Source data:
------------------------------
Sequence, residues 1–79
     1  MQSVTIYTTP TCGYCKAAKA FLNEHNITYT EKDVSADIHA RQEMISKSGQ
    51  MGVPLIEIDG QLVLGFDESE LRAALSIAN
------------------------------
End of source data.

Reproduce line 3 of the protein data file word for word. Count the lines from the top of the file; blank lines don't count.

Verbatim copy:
    51  MGVPLIEIDG QLVLGFDESE LRAALSIAN